An aide to two former CIA agents accused of supplying explosives and terrorist training to radical Libyan dictator Muammar Qaddafi surrendered yesterday to authorities at Dulles International Airport.
The aide, Douglas M. Schlacter of Fairfax, was indicted by a federal grand jury here in August for allegedly coordinating many of the Libyan activities of former agents Edwin P. Wilson and Francis E. Terpil.
Schlacter was charged with overseeing the shipment of explosives to Libya and the manufacture of explosive devices in that country, and with supervising activities of current and former American military and special forces soldiers enlisted to train Libyan recruits.
Schlacter has been operating an air freight service in Bujumbura, the capital of Burundi on the northern shore of Lake Tanganyika in central Africa. According to the indictment, Schlacter allegedly served as the "country manager" for terrorist training and supply operations under an April, 1976, contract involving Wilson, Terpil and Libyan officials.
Wilson and Terpil were indicted in April, 1980, by a federal grand jury here on charges of exporting explosives, delayed-action timers and sensitive night vision equipment to Libya. Wilson is living in Tripoli and Terpil is believed to be in Beirut.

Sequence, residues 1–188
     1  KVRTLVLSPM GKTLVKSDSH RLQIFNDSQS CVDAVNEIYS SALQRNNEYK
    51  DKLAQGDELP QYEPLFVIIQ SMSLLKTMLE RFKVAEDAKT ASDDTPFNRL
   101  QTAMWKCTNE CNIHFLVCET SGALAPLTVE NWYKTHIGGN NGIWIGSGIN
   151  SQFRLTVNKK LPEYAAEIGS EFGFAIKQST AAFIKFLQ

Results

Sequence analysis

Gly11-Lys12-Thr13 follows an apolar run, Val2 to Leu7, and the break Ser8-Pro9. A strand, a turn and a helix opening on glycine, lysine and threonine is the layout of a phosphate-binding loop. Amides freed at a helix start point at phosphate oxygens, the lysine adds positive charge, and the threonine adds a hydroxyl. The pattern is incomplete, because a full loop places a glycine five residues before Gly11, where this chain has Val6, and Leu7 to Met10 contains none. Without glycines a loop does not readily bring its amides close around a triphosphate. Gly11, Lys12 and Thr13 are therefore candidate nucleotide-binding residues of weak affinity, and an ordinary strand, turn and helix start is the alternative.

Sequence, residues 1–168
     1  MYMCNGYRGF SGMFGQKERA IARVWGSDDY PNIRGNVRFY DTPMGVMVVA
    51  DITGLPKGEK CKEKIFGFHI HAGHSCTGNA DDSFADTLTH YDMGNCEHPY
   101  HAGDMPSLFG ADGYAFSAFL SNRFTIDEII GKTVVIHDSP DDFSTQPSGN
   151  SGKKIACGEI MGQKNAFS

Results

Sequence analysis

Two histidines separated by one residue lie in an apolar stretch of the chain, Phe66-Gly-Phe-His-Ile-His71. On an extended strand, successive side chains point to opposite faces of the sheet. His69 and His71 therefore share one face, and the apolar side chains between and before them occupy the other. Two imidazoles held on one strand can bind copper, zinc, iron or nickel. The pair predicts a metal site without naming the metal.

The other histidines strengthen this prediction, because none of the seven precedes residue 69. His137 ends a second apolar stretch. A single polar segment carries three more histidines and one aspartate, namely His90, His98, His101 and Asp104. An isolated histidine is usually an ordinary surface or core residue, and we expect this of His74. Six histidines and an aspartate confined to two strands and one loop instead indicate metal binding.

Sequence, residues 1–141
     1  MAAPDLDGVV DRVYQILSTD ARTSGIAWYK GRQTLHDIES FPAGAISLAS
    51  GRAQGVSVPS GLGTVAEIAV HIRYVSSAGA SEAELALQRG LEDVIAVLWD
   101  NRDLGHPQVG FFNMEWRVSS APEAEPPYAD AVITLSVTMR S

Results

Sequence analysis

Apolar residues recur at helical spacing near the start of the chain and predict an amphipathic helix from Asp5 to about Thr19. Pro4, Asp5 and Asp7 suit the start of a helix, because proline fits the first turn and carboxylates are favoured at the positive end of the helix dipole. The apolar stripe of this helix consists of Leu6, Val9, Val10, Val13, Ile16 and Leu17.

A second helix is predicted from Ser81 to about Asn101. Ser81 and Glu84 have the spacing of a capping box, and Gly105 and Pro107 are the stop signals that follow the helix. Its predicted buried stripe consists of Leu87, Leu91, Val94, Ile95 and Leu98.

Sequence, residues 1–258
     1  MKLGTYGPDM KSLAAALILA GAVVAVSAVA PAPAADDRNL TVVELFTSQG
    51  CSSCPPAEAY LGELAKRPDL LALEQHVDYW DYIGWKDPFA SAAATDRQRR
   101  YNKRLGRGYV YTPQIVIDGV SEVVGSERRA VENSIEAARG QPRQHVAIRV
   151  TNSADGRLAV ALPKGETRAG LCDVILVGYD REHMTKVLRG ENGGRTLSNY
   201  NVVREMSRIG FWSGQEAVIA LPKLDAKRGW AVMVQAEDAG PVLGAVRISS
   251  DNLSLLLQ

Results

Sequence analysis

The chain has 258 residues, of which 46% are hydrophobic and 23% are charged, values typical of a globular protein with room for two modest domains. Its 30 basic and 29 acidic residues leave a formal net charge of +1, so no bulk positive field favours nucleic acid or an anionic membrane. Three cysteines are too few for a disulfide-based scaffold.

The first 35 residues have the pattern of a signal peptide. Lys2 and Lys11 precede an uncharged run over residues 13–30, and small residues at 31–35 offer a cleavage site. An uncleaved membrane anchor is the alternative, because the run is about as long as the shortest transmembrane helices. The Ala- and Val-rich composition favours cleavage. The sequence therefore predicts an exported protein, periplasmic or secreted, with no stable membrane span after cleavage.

Schlacter reportedly left Burundi early Saturday with a female companion and their baby daughter and was met at London's Heathrow airport by a U.S. marshal and an agent from the Bureau of Alcohol, Tobacco and Firearms, who escorted the three from London.
He was met at Dulles by his attorney, Alvin Askew, and assistant U.S. attorney E. Lawrence Barcella Jr., who has directed the investigation here into Wilson and Terpil's activities. Barcella, Askew and Schlacter have been negotiating the conditions of Schlacter's return for more than a month, according to one law enforcement official familiar with the investigation.
U.S. authorities had been negotiating with Burundian officials for months to try to bring Schlacter back. The United States and Burundi have no extradition treaty. Schlacter apparently left voluntarily, after Burundian authorities told him he was no longer welcome in that country.
Barcella would not say if any plea bargain or other arrangements had been made with Schlacter to ensure his return. If convicted, Schlacter could face more than 25 years in prison.
After a brief hearing at federal district court here in Washington last night, Schlacter was placed in the custody of U.S. marshals until formal arraignment, which is expected today.
Citing security reasons, Barcella declined to say where Schlacter was being held.
In an interview last month with CBS News, Schlacter said he was sure that while he was in Libya he was working for the CIA and said he reported regularly about his activities to CIA officials, including Thomas G. Clines, then an active duty CIA training official and now a private consultant in Northern Virginia. CIA officials have maintained that the agency neither knew nor approved of Wilson's and Terpil's operations in Libya.